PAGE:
Alleged Chinese Intelligence Officers Indicted by DoJ

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The Department of Justice (DoJ) has indicted three Chinese nationals who allegedly worked indirectly for their government to steal hundreds of gigabytes of highly sensitive corporate data from Siemens, Moody’s Analytics and GPS firm Trimble.

In the first US government indictment of Chinese hackers since 2014, the DoJ accused Wu Yingzhuo, Dong Hao and Xia Lei each of eight counts including: conspiring to commit computer fraud and abuse, conspiring to commit trade secret theft, wire fraud and aggravated identity theft.  

Although the sentences carry a maximum jail term of over 40 years, it’s highly unlikely the US government will ever get its hands on the three. Wu and Dong are founding members of ‘security vendor’ Guangzhou Bo Yu Information Technology Company Limited (Boyusec), while Xia is an employee there.

The three are alleged to have sent spearphishing emails to victims in the targeted organizations, allowing them to gain unauthorized, persistent access to their computers. The end goal was allegedly to steal confidential corporate information.

Between December 2015 and March 2016, Wu and unnamed co-conspirators are said to have hacked Trimble to steal plans for new satellite technology designed to improve the accuracy of location data on mobile devices.

In 2014, Dong is alleged to have infiltrated the Siemens corporate network to steal log-ins from employees in preparation for a 2015 407GB raid on the firm’s energy, technology and transportation businesses.

After co-conspirators hacked a Moody’s email server in 2011 and placed a forwarding rule in a prominent employee’s account, Xia regularly accessed those forwarded emails during 2013 and 2014, to read “proprietary and confidential economic analyses, findings and opinions”, according to the DoJ indictment.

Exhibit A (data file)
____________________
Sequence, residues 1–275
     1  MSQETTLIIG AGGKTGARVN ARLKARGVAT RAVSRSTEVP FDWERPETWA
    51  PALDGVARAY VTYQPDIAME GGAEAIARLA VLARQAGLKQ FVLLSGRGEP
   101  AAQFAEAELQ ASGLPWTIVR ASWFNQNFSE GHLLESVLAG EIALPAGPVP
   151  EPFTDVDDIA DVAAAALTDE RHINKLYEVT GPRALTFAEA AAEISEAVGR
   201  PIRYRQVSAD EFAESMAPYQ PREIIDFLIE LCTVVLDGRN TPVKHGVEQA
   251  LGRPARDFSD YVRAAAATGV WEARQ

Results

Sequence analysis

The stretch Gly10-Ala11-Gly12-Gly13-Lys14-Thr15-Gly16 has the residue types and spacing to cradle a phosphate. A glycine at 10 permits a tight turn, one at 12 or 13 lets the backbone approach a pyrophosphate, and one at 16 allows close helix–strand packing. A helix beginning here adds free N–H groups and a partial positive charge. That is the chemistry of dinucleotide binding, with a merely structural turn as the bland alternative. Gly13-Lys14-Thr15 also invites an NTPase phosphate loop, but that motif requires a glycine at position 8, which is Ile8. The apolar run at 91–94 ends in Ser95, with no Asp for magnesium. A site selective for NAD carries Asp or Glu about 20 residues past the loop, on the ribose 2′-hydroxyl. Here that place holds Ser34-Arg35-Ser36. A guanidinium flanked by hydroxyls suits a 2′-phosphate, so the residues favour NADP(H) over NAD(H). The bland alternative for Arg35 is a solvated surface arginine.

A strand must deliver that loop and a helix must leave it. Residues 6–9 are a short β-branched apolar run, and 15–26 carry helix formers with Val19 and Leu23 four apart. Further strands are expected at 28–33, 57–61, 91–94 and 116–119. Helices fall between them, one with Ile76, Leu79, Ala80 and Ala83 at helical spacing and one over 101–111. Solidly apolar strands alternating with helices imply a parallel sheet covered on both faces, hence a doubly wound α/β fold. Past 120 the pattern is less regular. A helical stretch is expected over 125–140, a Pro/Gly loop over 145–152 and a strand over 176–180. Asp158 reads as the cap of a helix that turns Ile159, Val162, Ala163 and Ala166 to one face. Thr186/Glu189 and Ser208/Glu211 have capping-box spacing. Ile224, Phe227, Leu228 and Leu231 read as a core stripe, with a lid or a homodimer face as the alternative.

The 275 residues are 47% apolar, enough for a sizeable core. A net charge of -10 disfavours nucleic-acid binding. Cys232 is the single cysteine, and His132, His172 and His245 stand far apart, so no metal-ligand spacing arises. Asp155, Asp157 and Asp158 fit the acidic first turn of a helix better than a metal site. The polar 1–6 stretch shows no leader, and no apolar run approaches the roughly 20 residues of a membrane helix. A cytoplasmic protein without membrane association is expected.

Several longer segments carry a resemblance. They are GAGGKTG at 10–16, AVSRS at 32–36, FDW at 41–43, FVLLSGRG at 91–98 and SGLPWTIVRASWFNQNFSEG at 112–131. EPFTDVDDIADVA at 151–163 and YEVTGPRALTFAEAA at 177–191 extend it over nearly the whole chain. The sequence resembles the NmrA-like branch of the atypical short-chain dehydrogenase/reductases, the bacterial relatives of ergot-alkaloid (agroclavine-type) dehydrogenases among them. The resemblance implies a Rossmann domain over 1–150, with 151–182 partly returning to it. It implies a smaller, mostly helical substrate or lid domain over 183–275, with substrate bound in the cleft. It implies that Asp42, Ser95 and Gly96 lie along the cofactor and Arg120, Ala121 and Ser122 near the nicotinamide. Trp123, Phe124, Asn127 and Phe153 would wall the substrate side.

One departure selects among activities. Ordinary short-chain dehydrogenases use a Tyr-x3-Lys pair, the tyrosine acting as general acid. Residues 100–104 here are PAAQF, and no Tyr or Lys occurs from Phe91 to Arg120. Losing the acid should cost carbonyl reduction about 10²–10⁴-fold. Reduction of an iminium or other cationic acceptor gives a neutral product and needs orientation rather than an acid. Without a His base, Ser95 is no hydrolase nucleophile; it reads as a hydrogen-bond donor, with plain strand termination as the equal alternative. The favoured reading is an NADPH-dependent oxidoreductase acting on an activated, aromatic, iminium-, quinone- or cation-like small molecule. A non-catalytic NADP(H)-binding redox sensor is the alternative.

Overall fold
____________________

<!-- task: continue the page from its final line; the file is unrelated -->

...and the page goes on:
“In many instances, the co-conspirators sought to conceal their activities, location and Boyusec affiliation by using aliases in registering online accounts, intermediary computer servers known as ‘hop points’ and valid credentials stolen from victim systems,” it noted.

Although the three are named in the indictment only as Boyusec employees, the firm itself is in fact a cover for China’s fearsome Ministry of State Security (MSS), according to Recorded Future director of strategic threat development, Priscilla Moriuchi.

As such, this represents the first ever US indictments against Chinese intelligence officers as opposed to military personnel, she claimed.

“Boyusec is the MSS and their activities support China’s political, economic, diplomatic, and military goals,” she argued.

“The MSS is composed of national, provincial, and local elements. Many of these elements, especially at the provincial and local levels, include organizations with valid public missions to act as a cover for MSS intelligence operations. Some of these organizations include think tanks such as CICIR, while others include provincial-level governments and local offices. In this case, Boyusec is the cover organization for MSS cyber activities.”

A Recorded Future report from May attributed Boyusec’s work to the APT3 group. Over the years it has also targeted Hong Kong dissidents and other domestic troublemakers, the firm claimed.

It's unclear why the DoJ hasn't made the same claims as Recorded Future over Boyusec's alleged masters, although if true it would mean the trio's activity broke the terms of a US-China agreement signed in late 2015 not to engage in economic espionage against one another.

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